They perceive the name of the Hon. Dudley Sowerby, fourth down the Concert-bill; marked for a flute-duet with Mr. Victor Radnor, Miss Nesta Victoria Radnor accompanying at the piano. It may mean? . . . do you want a whisper to suggest to you what it may mean? The father's wealth is enormous; the mother is a beautiful majestic woman in her prime. And see, she sings: a wonderful voice. And lower down, a duet with her daughter: violins and clarionet; how funny; something Hungarian. And in the Second Part, Schubert's Ave Maria--Oh! when we hear that, we dissolve. She was a singer before he married her, they say: a lady by birth one of the first County families. But it was a gift, and she could not be kept from it, and was going, when they met--and it was love! the most perfect duet. For him she abandoned the Stage. You must remember, that in their young days the Stage was many stages beneath the esteem entertained for it now. Domestic Concerts are got up to gratify her: a Miss Fredericks: good old English name. Mr. Radnor calls his daughter, Freddy; so Mr. Taplow, the architect, says. They are for modern music and ancient. Tannhauser, Wagner, you see. Pergolese.

Flute-duet, Mercadante. Here we have him! O--Durandarte: Air Basque, variations--his own. Again, Senor Durandarte, Mendelssohn. Encore him, and he plays you a national piece. A dark little creature a Life- guardsman could hold-up on his outstretched hand for the fifteen minutes of the performance; but he fills the hall and thrills the heart, wafts you to heaven; and does it as though he were conversing with his Andalusian lady-love in easy whispers about their mutual passion for Spanish chocolate all the while: so the musical critic of the Tirra-Lirra says. Express trains every half hour from London; all the big people of the city. Mr. Radnor commands them, like Royalty. Totally different from that old figure of the wealthy City merchant; young, vigorous, elegant, a man of taste, highest culture, speaks the languages of Europe, patron of the Arts, a perfect gentleman. His mother was one of the Montgomerys, Mr. Taplow says.

And it was General Radnor, a most distinguished officer, dying knighted. But Mr. Victor Radnor would not take less than a Barony--and then only with descent of title to his daughter, in her own right.

Mr. Taplow had said as much as Victor Radnor chose that he should say.

Carriages were in flow for an hour: pedestrians formed a wavy coil. Judgeing by numbers, the entertainment was a success; would the hall contain them? Marvels were told of the hall. Every ticket entered and was enfolded; almost all had a seat. Chivalry stood. It is a breeched abstraction, sacrificeing voluntarily and genially to the Fair, for a restoring of the balance between the sexes, that the division of good things be rather in the fair ones' favour, as they are to think: with the warning to them, that the establishment of their claim for equality puts an end to the priceless privileges of petticoats. Women must be mad, to provoke such a warning; and the majority of them submissively show their good sense. They send up an incense of perfumery, all the bouquets of the chemist commingled; most nourishing to the idea of woman in the nose of man. They are a forest foliage--rustle of silks and muslins, magic interweaving, or the mythology, if you prefer it. See, hear, smell, they are Juno, Venus, Hebe, to you. We must have poetry with them; otherwise they are better in the kitchen. Is there--but there is not; there is not present one of the chivalrous breeched who could prefer the shocking emancipated gristly female, which imposes propriety on our sensations and inner dreams, by petrifying in the tender bud of them.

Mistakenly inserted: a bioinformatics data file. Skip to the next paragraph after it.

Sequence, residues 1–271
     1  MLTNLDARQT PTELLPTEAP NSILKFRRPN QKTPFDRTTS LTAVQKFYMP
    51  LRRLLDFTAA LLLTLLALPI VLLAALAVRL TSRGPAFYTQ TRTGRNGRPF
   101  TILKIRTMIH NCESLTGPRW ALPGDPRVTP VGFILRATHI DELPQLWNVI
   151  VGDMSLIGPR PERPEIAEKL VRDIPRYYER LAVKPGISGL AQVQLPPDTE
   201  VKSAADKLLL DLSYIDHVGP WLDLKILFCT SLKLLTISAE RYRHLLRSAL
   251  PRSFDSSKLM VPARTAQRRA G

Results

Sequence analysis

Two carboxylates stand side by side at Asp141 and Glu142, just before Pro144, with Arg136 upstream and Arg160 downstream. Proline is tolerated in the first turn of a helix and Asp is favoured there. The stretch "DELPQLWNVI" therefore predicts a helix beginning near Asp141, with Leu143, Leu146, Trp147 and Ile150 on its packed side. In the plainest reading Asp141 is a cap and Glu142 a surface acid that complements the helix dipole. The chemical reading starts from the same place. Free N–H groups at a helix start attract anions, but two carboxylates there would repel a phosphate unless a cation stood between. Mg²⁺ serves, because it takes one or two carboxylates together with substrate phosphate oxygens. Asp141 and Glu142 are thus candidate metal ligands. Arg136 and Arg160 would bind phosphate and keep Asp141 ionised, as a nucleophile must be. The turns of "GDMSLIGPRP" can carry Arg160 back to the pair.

Colonel Corfe is the man to hear on such a theme. He is a colonel of Companies. But those are his diversion, as the British Army has been to the warrior. Puellis idoneus, he is professedly a lady's man, a rose- beetle, and a fine specimen of a common kind: and he has been that thing, that shining delight of the lap of ladies, for a spell of years, necessitating a certain sparkle of the saccharine crystals preserving him, to conceal the muster. He has to be fascinating, or he would look outworn, forlorn. On one side of him is Lady Carmine; on the other, Lady Swanage; dames embedded in the blooming maturity of England's conservatory. Their lords (an Earl, a Baron) are of the lords who go down to the City to sow a title for a repair of their poor incomes, and are to be commended for frankly accepting the new dispensation while they retain the many advantages of the uncancelled ancient. Thus gently does a maternal Old England let them down. Projectors of Companies, Directors, Founders; Railway magnates, actual kings and nobles (though one cannot yet persuade old reverence to do homage with the ancestral spontaneity to the uncrowned, uncoroneted, people of our sphere); holders of Shares in gold mines, Shares in Afric's blue mud of the glittering teeth we draw for English beauty to wear in the ear, on the neck, at the wrist; Bankers and wives of Bankers. Victor passed among them, chatting right and left.

Lady Carmine asked him: 'Is Durandarte counted on?'